The Weird, Secret Hope That Distracts You
I mean, can you plan that kind of thing? Can you plan the sort of get-down dance party with that ferocious sense of fellow feeling that takes everyone there by surprise? How do you, when most (but not all) of the best ones in history took place by accident? (See also: A: the Great Street Pizza Incident of 2008, B: the time you and your boyfriend danced to an entire Blackalicious album in the kitchen instead of making dinner). So that means that all that remains is this weird secret hope that distracts you. When you’re at a Grown-Up Party you hope will turn into a dance party, your toes tap like an impatient child to the song on the stereo while the person you’re talking with talks about Whatever—and when she pauses, all you can think to say is, “You know? I really love this song.”
Which can come across as awfully childish.
This is, of course, the second implied question here. Should you not be over this?
Does your pure joy at the Halloween party indicate something immature inside of you that should have grown the hell up by now? The answer is: Wow. You sound like that guy, the one you dated for a couple of weeks. You knew it was definitely and truly Not Happening the night of that party: When everyone started dancing, he just sat there in his chair, scowling and hostile.
This cabeza of mine has occupied a largely cerebral place for the past couple of years, one of problem-solving and planning and talking, talking, talking like a grown-up. I like doing all these things.
But you know what? During my MFA program, that intense era of dance party’ness, I wrote every day instead of worrying about writing every day. Or, to be more accurate, I wrote every day AND worried every day and then blew off that steam through dancing. And every time, spinning around my friends inside that old manse with the solid old wooden floors built by some Beachtown Robber Baron of long ago—I marveled that this was free, free, free. (Well. Not the MFA itself, of course.)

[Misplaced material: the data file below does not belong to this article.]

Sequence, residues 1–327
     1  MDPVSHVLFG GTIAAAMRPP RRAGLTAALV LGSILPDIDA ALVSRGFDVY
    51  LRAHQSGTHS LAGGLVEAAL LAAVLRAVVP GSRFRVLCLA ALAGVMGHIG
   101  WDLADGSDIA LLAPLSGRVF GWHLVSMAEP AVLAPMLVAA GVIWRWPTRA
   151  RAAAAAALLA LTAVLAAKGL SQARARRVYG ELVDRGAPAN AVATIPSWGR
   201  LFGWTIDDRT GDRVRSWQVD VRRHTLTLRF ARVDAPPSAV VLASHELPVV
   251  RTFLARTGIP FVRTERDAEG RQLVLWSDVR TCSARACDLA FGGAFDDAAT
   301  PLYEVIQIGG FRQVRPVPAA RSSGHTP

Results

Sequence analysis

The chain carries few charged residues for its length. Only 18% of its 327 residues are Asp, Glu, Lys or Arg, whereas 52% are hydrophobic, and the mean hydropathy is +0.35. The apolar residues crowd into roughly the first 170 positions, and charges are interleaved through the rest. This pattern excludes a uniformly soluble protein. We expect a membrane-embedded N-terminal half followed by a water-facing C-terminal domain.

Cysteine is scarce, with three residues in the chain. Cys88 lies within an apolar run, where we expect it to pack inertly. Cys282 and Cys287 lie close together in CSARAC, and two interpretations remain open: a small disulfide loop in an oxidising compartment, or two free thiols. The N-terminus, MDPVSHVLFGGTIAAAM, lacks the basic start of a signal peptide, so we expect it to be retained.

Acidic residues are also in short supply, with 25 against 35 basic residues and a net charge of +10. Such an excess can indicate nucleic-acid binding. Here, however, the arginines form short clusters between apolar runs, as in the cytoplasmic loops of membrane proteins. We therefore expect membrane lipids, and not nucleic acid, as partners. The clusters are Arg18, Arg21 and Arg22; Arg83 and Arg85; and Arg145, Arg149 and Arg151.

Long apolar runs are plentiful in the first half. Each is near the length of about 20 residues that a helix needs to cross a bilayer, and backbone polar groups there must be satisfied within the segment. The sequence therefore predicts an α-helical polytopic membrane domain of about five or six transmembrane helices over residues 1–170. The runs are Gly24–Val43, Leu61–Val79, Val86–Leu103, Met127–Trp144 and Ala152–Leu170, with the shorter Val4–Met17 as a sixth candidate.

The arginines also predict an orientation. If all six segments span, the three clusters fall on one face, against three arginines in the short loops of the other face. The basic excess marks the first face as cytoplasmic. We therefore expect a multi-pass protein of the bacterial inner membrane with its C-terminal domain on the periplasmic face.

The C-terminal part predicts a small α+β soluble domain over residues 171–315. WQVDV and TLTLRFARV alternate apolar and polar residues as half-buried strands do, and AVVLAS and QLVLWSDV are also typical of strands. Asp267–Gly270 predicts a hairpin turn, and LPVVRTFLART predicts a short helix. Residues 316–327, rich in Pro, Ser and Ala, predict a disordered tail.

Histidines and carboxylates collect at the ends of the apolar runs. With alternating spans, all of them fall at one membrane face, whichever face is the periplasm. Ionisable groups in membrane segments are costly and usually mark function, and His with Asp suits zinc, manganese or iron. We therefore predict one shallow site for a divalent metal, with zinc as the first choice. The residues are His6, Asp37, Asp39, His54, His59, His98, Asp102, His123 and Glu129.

Recently, I found a stack of old photos I had thought were gone forever—of a group of us at a couple of these dance parties. Photos of dancing are, of course, ridiculous photos, but finding these made my throat constrict. There we all were, alternately [click] egging one another on in silly dance poses, and [click] feeling it for real. In the years since scattering, we’ve had phone conversations about the comparative quietness of life post-MFA—about plans and relationships, the economy and money, of which there’s still and always never enough—and, of course, about How’s-the-writing-going? But something in me longs to contact them now, those comrades whose friendship was cemented while shaking our butts in that crumbling old mansion—and ask them about that writer’s block again, ask them if they’ve danced.
And then to do it. Could we use computer video chatting? I think so. I think each of us could train the camera on ourselves, find the same song on our stereos, and then hit play at precisely the same moment. Then crank it up loud.
(For Ashley, Alison, Corinne, Janie, Kat, Miriam, Joel, Melissa R, Erin, Laurin, and Courtney. Also for Melissa C and Sirquita. Also for Janice, Gino, Nicole, Liz, Terry, Mark and Luke, wherever you all are today.)
 (Not MJQ-ten-years-ago diverse, but diverse.)